When I had to go down to the port from the town of Fira, the cable cars were closed, and there wasn’t a donkey in sight. I had to walk the winding stone steps by foot. It took 30 minutes of stilted strides while speed walking, going down steps designed for donkeys. The step down occurred almost always at the wrong moment, causing you to take a small semi-step before the step down. Thirty minutes of this and I vowed never again.
After our boat landed in the port, I headed toward the cable cars while the other 20 American college students headed toward the donkeys. The next cable car was in half an hour so I went to the donkey line. I was at the end. Everyone got on a donkey except for me, an old Japanese lady, and 3 American students. The guy in charge of taking the money and putting you on a donkey took us up further to his main station where there seemed to be some reject donkeys, ones a little bigger and seemingly slower than the other normal-sized ones that alertly knew what to do. The guy put the two American girls on one donkey and to get the second girl on, he had to cup both her butt cheeks, quite ample ones. Next, the old Japanese lady got on her donkey, then me, and last, the American guy.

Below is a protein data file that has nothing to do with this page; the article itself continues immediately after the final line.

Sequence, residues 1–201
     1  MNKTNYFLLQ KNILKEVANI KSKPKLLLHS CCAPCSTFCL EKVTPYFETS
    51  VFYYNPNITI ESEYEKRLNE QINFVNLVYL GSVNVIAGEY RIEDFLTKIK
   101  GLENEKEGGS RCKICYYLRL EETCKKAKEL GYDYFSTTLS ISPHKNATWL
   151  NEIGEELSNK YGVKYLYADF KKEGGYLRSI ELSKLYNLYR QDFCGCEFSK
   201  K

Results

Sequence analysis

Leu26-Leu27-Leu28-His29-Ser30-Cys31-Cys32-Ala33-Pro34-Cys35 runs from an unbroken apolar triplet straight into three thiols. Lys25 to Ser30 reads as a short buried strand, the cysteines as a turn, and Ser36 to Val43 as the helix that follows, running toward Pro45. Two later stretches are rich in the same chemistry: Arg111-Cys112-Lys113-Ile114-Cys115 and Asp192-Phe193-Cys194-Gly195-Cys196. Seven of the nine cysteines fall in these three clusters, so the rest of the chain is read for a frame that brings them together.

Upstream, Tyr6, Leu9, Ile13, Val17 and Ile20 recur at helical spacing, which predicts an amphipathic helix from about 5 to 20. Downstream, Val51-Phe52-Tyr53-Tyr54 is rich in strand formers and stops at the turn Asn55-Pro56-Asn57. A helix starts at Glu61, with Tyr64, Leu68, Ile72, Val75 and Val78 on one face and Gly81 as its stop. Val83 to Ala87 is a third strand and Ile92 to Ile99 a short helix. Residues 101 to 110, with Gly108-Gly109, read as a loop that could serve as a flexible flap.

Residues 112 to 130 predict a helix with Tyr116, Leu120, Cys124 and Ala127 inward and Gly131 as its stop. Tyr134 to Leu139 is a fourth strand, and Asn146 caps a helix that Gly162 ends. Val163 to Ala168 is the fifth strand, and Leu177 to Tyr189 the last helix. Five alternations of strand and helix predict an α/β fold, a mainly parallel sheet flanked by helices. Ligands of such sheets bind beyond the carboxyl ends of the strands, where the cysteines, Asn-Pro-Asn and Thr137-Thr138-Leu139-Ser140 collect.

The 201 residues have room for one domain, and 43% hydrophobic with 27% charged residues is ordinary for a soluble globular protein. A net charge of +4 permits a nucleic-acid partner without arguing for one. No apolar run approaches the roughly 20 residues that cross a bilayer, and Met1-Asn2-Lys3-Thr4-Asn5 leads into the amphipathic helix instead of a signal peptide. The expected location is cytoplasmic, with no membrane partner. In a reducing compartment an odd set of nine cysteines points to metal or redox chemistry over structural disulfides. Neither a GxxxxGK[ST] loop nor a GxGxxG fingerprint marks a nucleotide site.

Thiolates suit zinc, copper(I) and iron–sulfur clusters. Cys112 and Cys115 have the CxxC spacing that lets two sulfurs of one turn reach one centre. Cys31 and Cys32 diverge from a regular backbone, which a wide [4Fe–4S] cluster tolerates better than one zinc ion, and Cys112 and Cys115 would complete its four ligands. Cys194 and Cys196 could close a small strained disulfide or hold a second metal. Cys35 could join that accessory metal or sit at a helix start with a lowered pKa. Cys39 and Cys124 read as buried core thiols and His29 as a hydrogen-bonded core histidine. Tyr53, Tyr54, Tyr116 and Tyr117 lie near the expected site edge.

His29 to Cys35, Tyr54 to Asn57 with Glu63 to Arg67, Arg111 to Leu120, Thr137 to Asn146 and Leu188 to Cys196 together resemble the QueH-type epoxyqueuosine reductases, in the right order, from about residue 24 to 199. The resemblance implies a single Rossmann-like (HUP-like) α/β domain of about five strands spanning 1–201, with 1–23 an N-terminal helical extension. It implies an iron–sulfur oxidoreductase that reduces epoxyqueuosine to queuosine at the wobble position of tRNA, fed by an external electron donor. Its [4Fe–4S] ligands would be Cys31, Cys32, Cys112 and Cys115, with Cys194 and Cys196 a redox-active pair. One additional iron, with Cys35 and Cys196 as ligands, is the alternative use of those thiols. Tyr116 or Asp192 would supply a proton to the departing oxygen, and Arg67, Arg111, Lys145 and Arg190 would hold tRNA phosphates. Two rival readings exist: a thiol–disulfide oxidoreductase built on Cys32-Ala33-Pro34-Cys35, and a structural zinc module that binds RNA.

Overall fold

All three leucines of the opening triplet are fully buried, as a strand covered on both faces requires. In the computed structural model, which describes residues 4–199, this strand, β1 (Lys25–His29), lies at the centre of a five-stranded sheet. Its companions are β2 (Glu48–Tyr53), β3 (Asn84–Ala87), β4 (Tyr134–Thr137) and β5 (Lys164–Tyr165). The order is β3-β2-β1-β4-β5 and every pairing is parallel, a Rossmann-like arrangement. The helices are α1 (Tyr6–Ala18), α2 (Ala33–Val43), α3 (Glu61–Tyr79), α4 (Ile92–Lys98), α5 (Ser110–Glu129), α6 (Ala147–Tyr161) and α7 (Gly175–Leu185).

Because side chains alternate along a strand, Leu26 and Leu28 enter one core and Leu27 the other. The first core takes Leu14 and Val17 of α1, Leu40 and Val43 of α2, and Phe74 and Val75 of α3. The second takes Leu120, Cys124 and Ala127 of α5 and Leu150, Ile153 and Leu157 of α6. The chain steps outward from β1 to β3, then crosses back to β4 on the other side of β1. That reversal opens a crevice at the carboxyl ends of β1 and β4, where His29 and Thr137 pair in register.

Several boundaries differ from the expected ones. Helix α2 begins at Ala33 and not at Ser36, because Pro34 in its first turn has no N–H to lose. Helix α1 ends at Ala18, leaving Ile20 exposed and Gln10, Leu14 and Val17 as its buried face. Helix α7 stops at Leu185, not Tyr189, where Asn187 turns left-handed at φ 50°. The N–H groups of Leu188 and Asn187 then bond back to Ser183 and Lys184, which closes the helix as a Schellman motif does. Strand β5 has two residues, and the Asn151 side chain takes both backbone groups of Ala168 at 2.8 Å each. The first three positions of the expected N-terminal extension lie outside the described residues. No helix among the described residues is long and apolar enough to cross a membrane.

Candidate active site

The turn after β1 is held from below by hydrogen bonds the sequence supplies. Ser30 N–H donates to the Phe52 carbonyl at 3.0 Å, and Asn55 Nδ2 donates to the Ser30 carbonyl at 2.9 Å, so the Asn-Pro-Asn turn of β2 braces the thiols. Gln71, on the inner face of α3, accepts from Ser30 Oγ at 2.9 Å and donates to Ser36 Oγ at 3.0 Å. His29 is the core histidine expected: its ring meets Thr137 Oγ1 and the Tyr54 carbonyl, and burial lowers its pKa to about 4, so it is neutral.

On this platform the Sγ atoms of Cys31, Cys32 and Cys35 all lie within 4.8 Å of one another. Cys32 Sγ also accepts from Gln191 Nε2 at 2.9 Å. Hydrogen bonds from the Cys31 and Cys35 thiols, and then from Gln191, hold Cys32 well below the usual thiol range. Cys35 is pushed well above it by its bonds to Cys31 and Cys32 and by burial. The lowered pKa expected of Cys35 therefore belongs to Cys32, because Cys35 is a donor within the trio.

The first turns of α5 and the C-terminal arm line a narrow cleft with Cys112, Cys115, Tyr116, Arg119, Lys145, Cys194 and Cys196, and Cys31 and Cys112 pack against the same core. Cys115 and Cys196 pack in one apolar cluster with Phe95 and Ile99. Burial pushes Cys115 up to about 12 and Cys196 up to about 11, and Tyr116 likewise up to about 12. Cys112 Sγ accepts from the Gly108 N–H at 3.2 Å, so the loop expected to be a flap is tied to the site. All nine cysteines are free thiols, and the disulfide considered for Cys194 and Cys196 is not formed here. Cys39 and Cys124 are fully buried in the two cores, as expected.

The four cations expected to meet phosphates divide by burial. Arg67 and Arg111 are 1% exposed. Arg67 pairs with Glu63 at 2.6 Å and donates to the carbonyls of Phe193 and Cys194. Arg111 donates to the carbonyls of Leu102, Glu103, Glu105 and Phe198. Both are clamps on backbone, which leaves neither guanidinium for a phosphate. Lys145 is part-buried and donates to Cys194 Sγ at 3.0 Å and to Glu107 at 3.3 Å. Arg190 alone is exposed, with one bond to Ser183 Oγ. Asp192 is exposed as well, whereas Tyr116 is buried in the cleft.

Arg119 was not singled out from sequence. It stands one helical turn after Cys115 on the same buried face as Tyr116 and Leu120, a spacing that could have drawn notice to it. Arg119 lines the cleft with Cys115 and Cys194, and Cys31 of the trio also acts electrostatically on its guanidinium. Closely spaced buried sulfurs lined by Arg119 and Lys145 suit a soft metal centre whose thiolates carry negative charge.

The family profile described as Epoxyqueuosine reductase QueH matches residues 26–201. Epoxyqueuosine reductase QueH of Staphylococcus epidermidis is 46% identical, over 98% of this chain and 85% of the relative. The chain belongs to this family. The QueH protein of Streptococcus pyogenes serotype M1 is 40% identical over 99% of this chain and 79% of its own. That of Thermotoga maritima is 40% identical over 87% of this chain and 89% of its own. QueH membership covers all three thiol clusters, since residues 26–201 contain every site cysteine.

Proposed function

The Japanese lady’s donkey went up at a slow and steady gait down the middle. Although I was thankful to have my own donkey, I think he might have been blind. My donkey couldn’t seem to walk in a straight line but diagonally toward the outer or inner walls or another donkey’s ass. Every time he would go toward the outer low wall, I tried to steer him the other way to no avail. The donkey, however, behind me acted like he was narcoleptic and would stop and take short naps and then make up for it by moving faster. The narcoleptic one at one point dashed past mine, brushing past us and causing a three donkey traffic jam.
After many diagonals and bumps, my donkey bought me to the top and parked himself and waited for me to get off. I took the photo above in his parked position.
The other donkeys below.